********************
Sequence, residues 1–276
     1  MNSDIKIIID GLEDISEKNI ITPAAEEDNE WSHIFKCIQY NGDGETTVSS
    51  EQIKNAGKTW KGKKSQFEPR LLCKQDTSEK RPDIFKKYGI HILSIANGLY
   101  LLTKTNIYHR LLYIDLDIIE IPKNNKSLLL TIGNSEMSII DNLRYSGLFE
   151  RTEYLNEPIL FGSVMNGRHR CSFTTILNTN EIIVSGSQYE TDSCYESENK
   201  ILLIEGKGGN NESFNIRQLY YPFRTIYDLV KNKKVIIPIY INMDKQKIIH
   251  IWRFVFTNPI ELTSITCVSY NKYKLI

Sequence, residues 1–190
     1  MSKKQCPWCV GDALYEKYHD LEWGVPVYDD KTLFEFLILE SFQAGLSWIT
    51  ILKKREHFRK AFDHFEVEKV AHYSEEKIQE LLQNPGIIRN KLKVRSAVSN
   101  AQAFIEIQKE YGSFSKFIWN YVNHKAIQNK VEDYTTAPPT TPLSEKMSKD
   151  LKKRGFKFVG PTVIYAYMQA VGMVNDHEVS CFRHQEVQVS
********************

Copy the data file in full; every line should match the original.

Sequence, residues 1–276
     1  MNSDIKIIID GLEDISEKNI ITPAAEEDNE WSHIFKCIQY NGDGETTVSS
    51  EQIKNAGKTW KGKKSQFEPR LLCKQDTSEK RPDIFKKYGI HILSIANGLY
   101  LLTKTNIYHR LLYIDLDIIE IPKNNKSLLL TIGNSEMSII DNLRYSGLFE
   151  RTEYLNEPIL FGSVMNGRHR CSFTTILNTN EIIVSGSQYE TDSCYESENK
   201  ILLIEGKGGN NESFNIRQLY YPFRTIYDLV KNKKVIIPIY INMDKQKIIH
   251  IWRFVFTNPI ELTSITCVSY NKYKLI

Sequence, residues 1–190
     1  MSKKQCPWCV GDALYEKYHD LEWGVPVYDD KTLFEFLILE SFQAGLSWIT
    51  ILKKREHFRK AFDHFEVEKV AHYSEEKIQE LLQNPGIIRN KLKVRSAVSN
   101  AQAFIEIQKE YGSFSKFIWN YVNHKAIQNK VEDYTTAPPT TPLSEKMSKD
   151  LKKRGFKFVG PTVIYAYMQA VGMVNDHEVS CFRHQEVQVS